High School Students and Coping with Stress

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High School Students and Coping with Stress

High School and Coping with stress.

High School and Coping with stress.

High School and Coping with stress.

High School and Coping with stress.

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High school is adventurous, chaotic, and as all student’s know, stressful. As high school students are pressured with multiple assignments, tests, and the lingering idea of college, many don’t realize the toll it can take on their bodies and minds.

What is stress and how does it impact students in high school?

Stress can impact a student’s life in a negative way. Anxiety can be excessive and persistent in many situations. For some, stress can even be a daily battle. Studies of student stress levels have described this mental strain as an epidemic.

An article from The Hill gave statistics concerning the negative impacts stress can have on students’ lives. 

“The American Psychological Association’s Stress in America survey found that 30 percent of teens reported feeling sad or depressed because of stress and 31 percent felt overwhelmed. Another 35 percent of teens reported that stress caused them to lie awake at night…”

As anxiety is increasing among high school students, Air Academy High School students reveal the truth behind the pressure that high school has brought. As seniors are approaching their graduation day, the impending worry of grades and college plans intensifies.

Senior Bonnie Yinger describes the way her high school experience has changed.

“ I would say [high school] has taught me to manage stress a lot better, but it has raised it overall. There are things I wish I wouldn’t have stressed out so much about in past years of going through high school, but overall [high school] has been a ride,” she said.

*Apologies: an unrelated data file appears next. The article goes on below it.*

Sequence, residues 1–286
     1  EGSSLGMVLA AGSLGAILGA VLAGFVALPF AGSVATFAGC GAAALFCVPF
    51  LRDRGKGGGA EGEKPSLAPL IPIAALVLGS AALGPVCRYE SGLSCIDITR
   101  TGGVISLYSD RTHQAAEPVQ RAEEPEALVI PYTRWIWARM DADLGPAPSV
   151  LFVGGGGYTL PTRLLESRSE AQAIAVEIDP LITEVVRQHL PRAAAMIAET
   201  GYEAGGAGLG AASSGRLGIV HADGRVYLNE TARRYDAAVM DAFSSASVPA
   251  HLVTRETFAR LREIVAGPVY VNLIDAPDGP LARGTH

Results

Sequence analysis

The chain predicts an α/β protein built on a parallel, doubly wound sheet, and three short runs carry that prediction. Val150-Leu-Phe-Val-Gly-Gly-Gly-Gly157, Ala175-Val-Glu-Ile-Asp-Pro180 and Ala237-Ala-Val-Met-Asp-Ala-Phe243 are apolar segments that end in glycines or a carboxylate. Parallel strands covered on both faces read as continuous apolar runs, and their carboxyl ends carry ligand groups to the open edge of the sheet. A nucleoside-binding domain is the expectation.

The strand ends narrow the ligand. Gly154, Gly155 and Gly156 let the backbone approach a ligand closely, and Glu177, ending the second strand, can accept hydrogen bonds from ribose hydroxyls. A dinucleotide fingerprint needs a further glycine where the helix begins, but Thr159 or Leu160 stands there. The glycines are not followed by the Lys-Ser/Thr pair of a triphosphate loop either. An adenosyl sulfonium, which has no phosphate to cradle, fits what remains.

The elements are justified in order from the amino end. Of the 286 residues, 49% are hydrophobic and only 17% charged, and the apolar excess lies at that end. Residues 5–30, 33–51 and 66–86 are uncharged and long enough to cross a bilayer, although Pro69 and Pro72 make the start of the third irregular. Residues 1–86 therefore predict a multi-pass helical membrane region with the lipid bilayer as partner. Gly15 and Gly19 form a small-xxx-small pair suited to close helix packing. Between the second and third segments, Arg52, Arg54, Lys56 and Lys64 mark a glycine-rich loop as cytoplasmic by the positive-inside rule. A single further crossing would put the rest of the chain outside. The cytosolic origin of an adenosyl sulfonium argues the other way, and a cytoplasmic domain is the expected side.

Yinger continued, noting that assignments have been an overall stress and can be overwhelming, to a point where she has no motivation to complete assignments.

The pile of up of assignments, tests and extracurricular activities can become overwhelming and monotonous, blocking enjoyment for students.

New York University (NYU) wrote an article analyzing the results of a study of high school students. As they observed these students, they found that chronic stress effected their mental health, along with their physical health. Completing daily tasks, such as going to school, caused distress in students.

In the article, Noelle Leonard, a research scientist at the NYU College of Nursing described a normal day for the students.

“School, homework, extracurricular activities, sleep, repeat—that’s what it can be for some of these students,” Leonard stated.

Teachers have a first hand look at stress. Students look to teachers when they are in need of help and are feeling completely overwhelmed.

In regards to the issue of students coping with stress, math teacher Kimberly Madden explained a helpful way to be organized and lessen the overwhelmed feeling.

“Write everything down, what you have to do and when they are due. I think being able to write things down can help organize and space out when you have to do certain assignments,” Madden said.

The paramount stressor for students is handling assignments. Students are tasked with many classes that give out multiple assignments and tests, which can feel overwhelming. The amount of assignments can effect how a student’s mind and body feel overall.

Sophomore Maya Burton described the hardest part of school that affects her stress level.

“Honestly, for me, my science classes are a challenge and bring my stress level up,” Burton said.

Burton said she advocates for herself with a balance of talking with her teachers and just pushing through her work.

When Yinger was asked how her teachers respond to her coming for help, she described an environment that took her seriously and worked to help her.

“Here at Air Academy I feel like we have really great teacher student communication. Overall, the teachers are good with helping students when they are overwhelmed,” Yinger stated.

High school staff encourage any student who is overwhelmed by stress to seek help from their counselor, who can help students understand the complex maze of high school.

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